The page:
Note: As stated under the Source (above), I received this book for free from G.P. Putnam’s Sons via NetGalley in exchange for my honest review (and trust me, honest is always what you’ll get).
Review: In the acknowledgments, Perri mentions that someone thought this book would make for a fun movie and I wholeheartedly agree with that. It is exactly the kind of book I could see made into a movie. In fact, while I was reading it, I was envisioning a young Kristen Chenoweth as Emily (though I had the darndest time imagining Tina as a brunette). But I digress…
It was a light, entertaining read centered around a very real, contemporary issue: student loan debt and how very little an investment in education actually gets you these days. It also highlights the very hot topic of corporate greed and the realities of the 1%, but does so in a way that kind of humanizes the issue as well.
But don’t get me wrong. This isn’t really a book that is meant to delve deep into the abyss of societies issues. It’s really more about relationships and finding your own way. And doing the right thing even when it’s hard. There’s a little bit of love, a fair amount of friendship, and a heavy dose of soul-searching, all laced with levity and a heavy dose of reality.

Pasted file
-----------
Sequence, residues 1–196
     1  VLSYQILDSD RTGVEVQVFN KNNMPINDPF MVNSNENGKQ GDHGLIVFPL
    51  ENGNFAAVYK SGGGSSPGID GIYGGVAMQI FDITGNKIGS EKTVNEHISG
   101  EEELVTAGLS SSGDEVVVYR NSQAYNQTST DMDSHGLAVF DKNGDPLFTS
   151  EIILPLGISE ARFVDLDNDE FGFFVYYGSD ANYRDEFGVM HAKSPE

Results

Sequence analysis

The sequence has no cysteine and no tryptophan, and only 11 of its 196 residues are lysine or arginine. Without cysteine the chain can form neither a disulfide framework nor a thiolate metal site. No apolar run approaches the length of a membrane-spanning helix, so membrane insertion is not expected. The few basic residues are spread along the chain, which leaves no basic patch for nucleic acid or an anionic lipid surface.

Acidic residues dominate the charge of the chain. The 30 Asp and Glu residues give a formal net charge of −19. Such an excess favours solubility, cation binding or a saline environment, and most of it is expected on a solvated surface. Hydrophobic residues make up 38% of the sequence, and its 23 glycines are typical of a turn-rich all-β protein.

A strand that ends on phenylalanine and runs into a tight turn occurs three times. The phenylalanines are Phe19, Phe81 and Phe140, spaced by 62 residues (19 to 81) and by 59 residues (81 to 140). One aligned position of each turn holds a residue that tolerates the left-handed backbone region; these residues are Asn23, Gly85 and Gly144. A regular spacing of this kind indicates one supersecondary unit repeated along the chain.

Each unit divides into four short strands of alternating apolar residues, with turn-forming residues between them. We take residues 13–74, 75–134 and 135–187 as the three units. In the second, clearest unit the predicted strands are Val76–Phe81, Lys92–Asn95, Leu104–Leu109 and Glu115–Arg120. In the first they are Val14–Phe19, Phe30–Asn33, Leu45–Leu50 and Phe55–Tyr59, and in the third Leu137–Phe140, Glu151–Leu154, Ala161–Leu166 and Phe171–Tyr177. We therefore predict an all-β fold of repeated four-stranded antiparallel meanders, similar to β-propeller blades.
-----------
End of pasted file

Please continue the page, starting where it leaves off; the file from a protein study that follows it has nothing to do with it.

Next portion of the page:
I like that Tina was relatable and felt real, that she was relatable. And even though I wouldn’t make the same choices she did (I ALWAYS get caught!), I understand how she could find herself in the trap that she did. That she found a way to turn something bad into something good is commendable. The ending was not my favorite, mostly because I didn’t completely agree with the way things played out, but I do understand that there are a lot of disenfranchised people who are angry at the system (don’t get me wrong, I’m angry, too, but there are lines I wouldn’t cross) that would be very satisfied with the way this story plays out. There is obvious appeal for the generation that came after mine.
The writing was good, the story was fun and entertaining, and I really enjoyed Tina (if not her choices), so overall it was perfectly respectable. A nice light read to offset heavier fare. Perhaps a great vacation read. 😉